2. diana on

    hahaha!! thank you guys!! I will do it!! and costlier its a word!!

  3. Diana on

    Do you recommend traveling along? I want to go so bad and my budget limited,if is safe i will stay in a hammock.


      Paul Fowler on

      Absolutely. You can easily make friends there and it’d be a shame to miss out just because you’re alone!


        Paul Giles on

        I agree with Fowlo. I went on my own, as I don’t have many friends (lonely sad face), and really dug it. Remember to take a blanket, as there can be a bit of a chill at night, and, if your budget’s limited, take some food supplies from Santa Marta along with you to help ease the pain, as the food can be slightly costlier there. Now, I’m going to check Dictionary.com to see if “costlier”‘s a word. Enjoy!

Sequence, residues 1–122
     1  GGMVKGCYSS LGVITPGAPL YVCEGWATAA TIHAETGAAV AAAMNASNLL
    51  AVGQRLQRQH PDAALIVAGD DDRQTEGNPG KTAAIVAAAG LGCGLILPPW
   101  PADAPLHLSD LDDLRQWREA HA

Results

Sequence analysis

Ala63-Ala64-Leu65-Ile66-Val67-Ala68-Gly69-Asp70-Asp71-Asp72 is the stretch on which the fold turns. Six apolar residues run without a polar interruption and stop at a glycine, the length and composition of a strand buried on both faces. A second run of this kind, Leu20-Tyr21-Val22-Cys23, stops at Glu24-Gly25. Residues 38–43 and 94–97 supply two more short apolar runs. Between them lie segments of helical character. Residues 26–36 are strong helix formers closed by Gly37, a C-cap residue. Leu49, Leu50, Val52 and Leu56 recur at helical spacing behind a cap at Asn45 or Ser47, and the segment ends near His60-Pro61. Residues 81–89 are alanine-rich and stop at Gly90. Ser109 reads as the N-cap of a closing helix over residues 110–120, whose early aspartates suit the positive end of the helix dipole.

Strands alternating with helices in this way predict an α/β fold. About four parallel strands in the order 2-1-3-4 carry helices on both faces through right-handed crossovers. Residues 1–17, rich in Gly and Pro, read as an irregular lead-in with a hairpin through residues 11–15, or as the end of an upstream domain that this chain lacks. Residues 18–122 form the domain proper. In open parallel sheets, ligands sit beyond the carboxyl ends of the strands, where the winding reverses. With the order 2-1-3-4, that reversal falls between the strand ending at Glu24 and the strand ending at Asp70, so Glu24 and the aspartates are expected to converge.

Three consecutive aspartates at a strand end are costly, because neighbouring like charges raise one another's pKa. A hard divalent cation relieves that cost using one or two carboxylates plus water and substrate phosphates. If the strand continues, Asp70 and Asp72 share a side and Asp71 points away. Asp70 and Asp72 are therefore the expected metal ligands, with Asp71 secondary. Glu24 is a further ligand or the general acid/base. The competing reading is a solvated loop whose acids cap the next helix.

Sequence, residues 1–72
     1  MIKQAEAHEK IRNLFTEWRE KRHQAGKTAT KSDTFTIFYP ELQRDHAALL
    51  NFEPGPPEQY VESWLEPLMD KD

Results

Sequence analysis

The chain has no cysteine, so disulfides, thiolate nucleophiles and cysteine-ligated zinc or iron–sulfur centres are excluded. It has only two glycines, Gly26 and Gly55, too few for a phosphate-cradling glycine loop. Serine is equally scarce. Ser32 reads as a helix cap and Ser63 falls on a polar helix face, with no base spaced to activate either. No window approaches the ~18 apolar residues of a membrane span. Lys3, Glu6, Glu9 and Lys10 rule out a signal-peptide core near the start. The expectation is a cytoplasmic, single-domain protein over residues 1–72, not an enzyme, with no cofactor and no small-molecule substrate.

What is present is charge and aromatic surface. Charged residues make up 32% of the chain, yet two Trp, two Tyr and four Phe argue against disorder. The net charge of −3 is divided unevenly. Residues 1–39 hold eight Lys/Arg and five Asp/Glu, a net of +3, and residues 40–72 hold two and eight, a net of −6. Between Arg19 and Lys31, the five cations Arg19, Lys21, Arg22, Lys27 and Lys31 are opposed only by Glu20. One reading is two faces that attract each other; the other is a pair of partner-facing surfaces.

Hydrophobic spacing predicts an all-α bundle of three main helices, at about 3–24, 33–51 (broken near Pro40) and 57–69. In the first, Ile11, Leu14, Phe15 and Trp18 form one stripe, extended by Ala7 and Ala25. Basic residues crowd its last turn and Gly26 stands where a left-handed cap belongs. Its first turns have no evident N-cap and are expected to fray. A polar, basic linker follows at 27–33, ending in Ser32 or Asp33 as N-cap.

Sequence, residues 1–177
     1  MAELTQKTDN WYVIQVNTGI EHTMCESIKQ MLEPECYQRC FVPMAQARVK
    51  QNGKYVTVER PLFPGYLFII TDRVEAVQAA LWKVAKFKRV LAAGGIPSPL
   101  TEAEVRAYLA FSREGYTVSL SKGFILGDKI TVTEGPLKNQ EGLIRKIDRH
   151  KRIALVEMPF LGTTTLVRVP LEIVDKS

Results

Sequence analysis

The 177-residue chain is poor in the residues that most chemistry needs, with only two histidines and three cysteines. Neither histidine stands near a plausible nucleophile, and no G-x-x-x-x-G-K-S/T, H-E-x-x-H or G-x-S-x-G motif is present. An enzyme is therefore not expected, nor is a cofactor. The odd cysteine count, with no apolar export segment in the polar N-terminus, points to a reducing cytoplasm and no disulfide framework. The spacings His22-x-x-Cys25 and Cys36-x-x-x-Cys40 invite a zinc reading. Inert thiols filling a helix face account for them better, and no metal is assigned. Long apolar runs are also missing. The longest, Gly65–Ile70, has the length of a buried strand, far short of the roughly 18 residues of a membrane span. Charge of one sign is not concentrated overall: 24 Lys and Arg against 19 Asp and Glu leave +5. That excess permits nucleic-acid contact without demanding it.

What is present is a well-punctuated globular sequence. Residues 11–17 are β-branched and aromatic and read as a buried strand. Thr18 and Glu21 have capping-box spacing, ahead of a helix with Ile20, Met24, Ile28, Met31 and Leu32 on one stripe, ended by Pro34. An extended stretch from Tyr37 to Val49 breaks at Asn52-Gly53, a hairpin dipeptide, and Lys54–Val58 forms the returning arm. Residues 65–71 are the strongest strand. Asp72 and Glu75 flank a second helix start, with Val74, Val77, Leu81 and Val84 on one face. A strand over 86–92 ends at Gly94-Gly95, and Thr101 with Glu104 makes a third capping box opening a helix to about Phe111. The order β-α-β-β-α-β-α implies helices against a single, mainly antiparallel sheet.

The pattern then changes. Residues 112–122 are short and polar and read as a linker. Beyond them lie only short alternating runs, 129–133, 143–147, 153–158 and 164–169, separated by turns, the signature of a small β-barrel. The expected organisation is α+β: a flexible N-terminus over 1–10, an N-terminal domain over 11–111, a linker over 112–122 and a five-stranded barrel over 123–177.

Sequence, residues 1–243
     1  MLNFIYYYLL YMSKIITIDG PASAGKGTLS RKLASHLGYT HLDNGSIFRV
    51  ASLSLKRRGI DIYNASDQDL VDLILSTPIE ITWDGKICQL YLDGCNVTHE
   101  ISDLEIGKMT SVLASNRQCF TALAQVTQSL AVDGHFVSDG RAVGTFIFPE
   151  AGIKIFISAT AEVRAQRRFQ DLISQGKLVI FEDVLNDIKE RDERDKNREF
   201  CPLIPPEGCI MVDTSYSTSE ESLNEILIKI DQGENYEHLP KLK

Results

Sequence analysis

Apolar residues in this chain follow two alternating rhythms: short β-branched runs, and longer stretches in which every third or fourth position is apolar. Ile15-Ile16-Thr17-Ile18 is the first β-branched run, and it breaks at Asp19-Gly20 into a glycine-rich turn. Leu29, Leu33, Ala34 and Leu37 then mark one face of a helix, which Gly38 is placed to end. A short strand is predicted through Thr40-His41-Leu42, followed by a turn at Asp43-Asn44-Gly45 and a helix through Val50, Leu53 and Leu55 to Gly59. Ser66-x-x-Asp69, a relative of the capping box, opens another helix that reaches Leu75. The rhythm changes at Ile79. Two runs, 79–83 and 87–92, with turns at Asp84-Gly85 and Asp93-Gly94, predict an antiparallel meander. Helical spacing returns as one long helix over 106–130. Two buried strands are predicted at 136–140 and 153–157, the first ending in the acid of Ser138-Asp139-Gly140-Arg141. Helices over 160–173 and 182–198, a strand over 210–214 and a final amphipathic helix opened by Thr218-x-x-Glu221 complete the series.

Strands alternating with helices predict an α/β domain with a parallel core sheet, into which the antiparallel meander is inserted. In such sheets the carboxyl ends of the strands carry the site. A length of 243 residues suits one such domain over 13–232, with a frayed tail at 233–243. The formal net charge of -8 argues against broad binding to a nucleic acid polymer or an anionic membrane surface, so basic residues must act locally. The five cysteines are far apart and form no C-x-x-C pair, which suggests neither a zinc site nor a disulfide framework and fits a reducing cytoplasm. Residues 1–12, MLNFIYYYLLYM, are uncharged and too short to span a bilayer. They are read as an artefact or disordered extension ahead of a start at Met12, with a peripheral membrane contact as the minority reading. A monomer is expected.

4. Paul Giles on

    Tina: yes, it’s one of the world’s special places, isn’t it? Not much better in life than swinging in a hammock in the jungle right next to the Caribbean ocean.

  5. Tina on

    very beautiful landscape. sleep at san juan in the hammocks above the sea. go to publito, its worth a hike.

  6. Tourist Destination in the Philippines on

    I’m compiling a list of tourist destination that i haven’t explore yet, as i was doing my research i stumbleupon this blog post. I will add up tayrona to my list.



      Paul Fowler on

      A great choice, Chris, you’ll love it.